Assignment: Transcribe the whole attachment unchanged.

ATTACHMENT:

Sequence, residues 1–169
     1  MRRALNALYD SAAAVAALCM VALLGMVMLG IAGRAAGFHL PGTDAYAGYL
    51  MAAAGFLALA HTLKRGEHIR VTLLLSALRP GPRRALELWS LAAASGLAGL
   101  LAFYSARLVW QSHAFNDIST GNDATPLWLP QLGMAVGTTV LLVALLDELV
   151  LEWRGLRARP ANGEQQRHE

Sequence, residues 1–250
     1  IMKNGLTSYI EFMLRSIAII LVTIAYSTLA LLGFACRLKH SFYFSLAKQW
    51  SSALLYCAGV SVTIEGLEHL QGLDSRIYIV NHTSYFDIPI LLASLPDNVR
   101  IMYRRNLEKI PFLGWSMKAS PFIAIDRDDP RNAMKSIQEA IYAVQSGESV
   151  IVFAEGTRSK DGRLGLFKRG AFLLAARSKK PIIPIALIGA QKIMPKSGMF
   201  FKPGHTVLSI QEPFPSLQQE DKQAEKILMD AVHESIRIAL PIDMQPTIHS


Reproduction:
Sequence, residues 1–169
     1  MRRALNALYD SAAAVAALCM VALLGMVMLG IAGRAAGFHL PGTDAYAGYL
    51  MAAAGFLALA HTLKRGEHIR VTLLLSALRP GPRRALELWS LAAASGLAGL
   101  LAFYSARLVW QSHAFNDIST GNDATPLWLP QLGMAVGTTV LLVALLDELV
   151  LEWRGLRARP ANGEQQRHE

Sequence, residues 1–250
     1  IMKNGLTSYI EFMLRSIAII LVTIAYSTLA LLGFACRLKH SFYFSLAKQW
    51  SSALLYCAGV SVTIEGLEHL QGLDSRIYIV NHTSYFDIPI LLASLPDNVR
   101  IMYRRNLEKI PFLGWSMKAS PFIAIDRDDP RNAMKSIQEA IYAVQSGESV
   151  IVFAEGTRSK DGRLGLFKRG AFLLAARSKK PIIPIALIGA QKIMPKSGMF
   201  FKPGHTVLSI QEPFPSLQQE DKQAEKILMD AVHESIRIAL PIDMQPTIHS